With a need to optimize weight to fly ratios, aerospace manufacturers are looking to using lattice structures produced with additive manufacturing. Designing lattice structures that also meet mechanical and performance requirements is very complex. Taking it a next step enabled by systems that can print with multiple materials increases the complexity. Newly published research shows design for additive manufacturing (DfAM) approaches that can be used to optimize cell geometry in lattice structures to achieve high mechanical stiffness, a low coefficient of thermal expansion (CTE), and low thermal conductivity.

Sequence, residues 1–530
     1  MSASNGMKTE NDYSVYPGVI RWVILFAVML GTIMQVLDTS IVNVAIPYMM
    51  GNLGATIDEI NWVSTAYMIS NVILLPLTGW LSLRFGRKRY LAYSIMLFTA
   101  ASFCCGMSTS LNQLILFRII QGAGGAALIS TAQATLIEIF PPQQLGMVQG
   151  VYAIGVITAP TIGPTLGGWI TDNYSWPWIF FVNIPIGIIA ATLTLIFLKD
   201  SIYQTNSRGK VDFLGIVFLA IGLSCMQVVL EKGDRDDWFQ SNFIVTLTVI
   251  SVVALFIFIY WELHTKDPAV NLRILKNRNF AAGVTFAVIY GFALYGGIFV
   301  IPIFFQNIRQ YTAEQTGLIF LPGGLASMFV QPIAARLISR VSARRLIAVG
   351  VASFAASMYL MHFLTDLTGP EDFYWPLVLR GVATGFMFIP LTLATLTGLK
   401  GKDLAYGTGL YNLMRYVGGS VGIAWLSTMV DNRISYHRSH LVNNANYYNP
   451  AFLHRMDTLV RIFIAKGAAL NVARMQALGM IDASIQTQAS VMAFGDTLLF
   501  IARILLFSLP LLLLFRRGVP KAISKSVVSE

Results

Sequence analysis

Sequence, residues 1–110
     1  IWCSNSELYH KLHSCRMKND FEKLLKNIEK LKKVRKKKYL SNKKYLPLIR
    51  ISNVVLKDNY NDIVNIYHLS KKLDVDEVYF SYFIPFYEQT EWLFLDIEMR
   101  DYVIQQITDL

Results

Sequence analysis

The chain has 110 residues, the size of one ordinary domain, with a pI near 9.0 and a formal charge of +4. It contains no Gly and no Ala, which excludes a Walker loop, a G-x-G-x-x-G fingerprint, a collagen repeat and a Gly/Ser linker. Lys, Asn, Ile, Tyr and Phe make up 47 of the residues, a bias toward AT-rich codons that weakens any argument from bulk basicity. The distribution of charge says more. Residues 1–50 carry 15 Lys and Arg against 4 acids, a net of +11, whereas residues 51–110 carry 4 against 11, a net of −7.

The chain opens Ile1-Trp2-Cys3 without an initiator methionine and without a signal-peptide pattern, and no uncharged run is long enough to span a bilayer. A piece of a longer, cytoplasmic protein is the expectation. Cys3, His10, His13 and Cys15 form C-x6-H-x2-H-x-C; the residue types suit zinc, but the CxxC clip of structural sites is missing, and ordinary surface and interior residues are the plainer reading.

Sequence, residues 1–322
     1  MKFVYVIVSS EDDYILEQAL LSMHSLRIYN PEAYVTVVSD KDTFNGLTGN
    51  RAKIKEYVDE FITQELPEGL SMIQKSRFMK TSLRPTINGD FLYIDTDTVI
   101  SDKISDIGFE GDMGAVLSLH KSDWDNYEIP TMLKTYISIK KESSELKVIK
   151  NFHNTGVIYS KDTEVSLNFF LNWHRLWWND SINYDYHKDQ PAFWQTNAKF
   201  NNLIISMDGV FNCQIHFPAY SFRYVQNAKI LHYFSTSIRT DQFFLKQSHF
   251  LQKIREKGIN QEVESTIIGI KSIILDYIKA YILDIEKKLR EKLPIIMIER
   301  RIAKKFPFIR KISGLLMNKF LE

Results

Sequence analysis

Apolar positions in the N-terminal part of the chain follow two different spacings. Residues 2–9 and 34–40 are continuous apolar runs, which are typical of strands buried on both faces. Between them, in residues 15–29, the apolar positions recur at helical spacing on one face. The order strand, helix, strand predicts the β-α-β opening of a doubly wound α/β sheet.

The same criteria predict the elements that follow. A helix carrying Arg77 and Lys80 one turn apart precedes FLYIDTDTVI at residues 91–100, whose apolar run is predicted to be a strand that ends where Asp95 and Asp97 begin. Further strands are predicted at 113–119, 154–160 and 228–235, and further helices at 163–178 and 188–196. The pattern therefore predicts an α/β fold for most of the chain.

Researchers at the University of Cincinnati Center for Global Design and Manufacturing recently published their research to integrate of DfAM with multi-material topology optimization of lattice structures for optimized thermal and mechanical properties. Appearing in the April 2022 issue of ASME’s Journal of Manufacturing Science and Engineering. To support the additive manufacturing community, ASME is making the paper free to download through the end of April 2022.